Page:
Losing weight without diet or exercise may seem impossible but new genetic research about the causes of obesity makes it possible. According to a report in the New England Journal of Medicine, researchers have discovered a genetic “switch” inside fat cells that can increase your metabolism and help you burn fat as heat energy.
In the study, mice in the lab lost 50 percent of their body weight when researchers turned that genetic switch on. By examining human fat cells, it has been indicated that this may also work for humans, said senior author Manolis Kellis, a professor of computer science and computational biology at the Massachusetts Institute of Technology in Cambridge, Mass. This sounds like a cool idea, eat as much as you want, then flip on a genetic switch to help you burn calories and lose weight.
The mice were eating the same amount but were not exercising more. The energy burned was in the form of heat so this means that researchers switched their metabolism from energy storage to energy dissipation.
The focus on this research was a gene region known as “FTO,” which has been in the spotlight since its discovery in 2007. Prior research tried to pair the FTO region with brain circuits that control hunger, but researchers now believe the action happens in fat cells and affects how much food is kept, independently of the brain. Hopefully there may be a way to trigger that gene with future medications to turn on that switch and fight obesity.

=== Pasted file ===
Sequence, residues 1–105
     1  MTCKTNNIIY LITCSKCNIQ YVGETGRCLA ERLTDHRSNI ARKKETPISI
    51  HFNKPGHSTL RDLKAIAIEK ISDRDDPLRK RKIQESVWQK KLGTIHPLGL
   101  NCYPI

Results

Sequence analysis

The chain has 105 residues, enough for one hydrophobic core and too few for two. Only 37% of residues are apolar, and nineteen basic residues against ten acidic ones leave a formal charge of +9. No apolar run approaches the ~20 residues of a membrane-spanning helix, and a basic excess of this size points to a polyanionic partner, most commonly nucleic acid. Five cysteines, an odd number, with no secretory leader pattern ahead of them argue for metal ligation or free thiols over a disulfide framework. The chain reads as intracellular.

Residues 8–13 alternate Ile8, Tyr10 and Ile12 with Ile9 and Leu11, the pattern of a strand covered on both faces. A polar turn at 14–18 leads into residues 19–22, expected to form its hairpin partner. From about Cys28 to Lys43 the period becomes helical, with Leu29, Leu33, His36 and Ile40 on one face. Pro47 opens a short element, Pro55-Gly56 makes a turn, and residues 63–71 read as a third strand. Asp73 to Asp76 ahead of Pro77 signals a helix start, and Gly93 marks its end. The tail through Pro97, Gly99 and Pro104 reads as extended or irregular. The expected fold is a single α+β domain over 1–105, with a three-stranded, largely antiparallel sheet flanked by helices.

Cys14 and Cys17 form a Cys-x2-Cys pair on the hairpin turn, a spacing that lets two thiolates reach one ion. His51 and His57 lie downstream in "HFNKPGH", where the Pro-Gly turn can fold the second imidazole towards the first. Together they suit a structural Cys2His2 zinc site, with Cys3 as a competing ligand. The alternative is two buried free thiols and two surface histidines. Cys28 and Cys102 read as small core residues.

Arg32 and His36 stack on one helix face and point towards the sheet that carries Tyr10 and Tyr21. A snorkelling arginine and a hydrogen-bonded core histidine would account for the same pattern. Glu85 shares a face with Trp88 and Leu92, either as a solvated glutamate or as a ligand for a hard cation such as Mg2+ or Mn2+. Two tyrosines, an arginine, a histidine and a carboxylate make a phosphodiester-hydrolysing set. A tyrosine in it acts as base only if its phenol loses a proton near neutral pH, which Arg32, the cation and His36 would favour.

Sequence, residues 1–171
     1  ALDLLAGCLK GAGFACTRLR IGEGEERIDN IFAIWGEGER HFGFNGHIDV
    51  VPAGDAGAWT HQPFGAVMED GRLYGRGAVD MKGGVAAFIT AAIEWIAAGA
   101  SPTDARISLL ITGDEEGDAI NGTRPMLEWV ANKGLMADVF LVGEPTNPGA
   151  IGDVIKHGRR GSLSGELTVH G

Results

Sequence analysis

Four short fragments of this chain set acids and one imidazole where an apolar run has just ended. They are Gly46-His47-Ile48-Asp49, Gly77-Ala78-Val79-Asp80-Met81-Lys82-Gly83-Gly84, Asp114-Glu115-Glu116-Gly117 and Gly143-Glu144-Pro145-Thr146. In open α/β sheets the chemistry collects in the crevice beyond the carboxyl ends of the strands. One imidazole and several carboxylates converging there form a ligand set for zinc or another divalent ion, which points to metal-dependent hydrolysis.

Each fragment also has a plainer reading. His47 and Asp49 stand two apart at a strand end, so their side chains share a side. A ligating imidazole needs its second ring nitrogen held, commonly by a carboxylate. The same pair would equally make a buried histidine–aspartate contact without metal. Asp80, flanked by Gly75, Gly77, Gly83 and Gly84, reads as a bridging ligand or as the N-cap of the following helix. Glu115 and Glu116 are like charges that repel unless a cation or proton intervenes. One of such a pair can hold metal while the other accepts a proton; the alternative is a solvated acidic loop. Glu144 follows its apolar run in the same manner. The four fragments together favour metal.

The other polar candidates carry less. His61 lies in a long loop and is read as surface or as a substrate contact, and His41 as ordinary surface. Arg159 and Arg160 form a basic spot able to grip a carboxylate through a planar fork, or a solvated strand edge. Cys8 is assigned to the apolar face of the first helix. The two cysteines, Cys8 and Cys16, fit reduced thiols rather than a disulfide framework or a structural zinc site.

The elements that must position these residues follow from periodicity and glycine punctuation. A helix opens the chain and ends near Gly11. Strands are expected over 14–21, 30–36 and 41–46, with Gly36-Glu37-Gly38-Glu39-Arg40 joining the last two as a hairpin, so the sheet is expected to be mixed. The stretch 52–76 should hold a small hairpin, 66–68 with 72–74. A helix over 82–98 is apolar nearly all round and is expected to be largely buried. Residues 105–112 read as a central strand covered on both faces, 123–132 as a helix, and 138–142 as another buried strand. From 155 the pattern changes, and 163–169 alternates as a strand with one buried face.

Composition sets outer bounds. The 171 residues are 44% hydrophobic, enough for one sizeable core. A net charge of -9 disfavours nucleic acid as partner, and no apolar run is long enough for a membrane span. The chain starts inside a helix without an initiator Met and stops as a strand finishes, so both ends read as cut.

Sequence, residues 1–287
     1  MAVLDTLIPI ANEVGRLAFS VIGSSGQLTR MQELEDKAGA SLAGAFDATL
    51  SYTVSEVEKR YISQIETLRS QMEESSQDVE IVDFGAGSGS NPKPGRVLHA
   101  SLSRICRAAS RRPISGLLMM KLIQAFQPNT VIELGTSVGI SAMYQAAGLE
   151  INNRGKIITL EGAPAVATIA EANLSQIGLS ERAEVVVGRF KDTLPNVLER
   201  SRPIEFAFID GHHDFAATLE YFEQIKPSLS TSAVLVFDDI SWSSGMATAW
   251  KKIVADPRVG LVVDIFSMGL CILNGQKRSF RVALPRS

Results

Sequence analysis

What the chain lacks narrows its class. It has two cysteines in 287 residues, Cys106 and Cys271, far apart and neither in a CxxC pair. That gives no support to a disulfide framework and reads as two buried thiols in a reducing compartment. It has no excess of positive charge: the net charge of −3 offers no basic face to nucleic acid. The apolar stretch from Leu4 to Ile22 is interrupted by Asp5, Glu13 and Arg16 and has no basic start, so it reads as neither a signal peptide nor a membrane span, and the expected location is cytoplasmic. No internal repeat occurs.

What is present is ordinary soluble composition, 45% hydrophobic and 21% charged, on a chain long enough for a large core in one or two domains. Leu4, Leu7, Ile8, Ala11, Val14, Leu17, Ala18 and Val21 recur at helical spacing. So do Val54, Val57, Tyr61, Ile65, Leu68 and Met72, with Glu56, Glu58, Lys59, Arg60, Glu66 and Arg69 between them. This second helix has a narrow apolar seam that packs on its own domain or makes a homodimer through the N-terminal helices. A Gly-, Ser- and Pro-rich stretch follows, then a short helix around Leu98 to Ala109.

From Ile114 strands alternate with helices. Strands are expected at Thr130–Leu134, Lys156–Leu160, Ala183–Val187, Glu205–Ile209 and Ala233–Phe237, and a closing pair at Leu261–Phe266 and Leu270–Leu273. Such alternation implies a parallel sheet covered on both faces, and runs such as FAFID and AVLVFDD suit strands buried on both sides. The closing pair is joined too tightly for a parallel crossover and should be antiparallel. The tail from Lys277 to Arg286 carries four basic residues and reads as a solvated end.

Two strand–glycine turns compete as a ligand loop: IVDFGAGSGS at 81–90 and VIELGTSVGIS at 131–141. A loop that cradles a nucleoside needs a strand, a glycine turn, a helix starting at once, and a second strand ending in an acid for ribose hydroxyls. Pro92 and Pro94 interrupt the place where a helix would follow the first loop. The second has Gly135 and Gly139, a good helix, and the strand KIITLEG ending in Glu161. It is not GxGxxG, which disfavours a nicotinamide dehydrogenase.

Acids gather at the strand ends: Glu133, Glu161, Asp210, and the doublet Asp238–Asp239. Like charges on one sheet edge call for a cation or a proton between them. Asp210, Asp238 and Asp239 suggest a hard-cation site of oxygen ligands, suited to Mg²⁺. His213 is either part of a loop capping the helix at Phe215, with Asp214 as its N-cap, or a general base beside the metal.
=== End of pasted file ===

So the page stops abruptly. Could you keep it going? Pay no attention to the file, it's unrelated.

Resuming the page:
The researchers also discovered a higher occurrence of two distant genes, IRX3 and IRX5, which meant more fat storage. By changings the pathways of these genes, scientists can reverse the traces of obesity. The scientists specifically looked at “beige fat,” which is closely related to “white fat.” On the other hand, “brown fat” is usually found in newborn babies and burns faster. The mutations in the cells were manipulated so the white fat turned into beige fat. The amounts of early fat cells were increased so that they turned into beige fat instead of white fat.
According to the www.nejm.org (CDC), more than one-third of U.S. adults are obese, costing about $200 billion dollars each year for medical costs. Obesity is steadily rising and people face serious health conditions such as type-2 diabetes, heart diseases and certain types of cancer. This type of research is very important for finding another method for weight loss and preventing obesity to say the least.
With this new discovery of manipulating fat cells to fight obesity in mice, the next step will be finding out how this works with humans. Although diet and exercise is not required for this obesity gene manipulation, it is still important that you do these things for long term fat loss.
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Source: www.nejm.org Melina Claussnitzer, Simon N. Dankel, Kyoung-Han Kim, et al “FTO Obesity Variant Circuitry and Adipocyte Browning in Humans” The New England Journal of Medicine 19 August 2015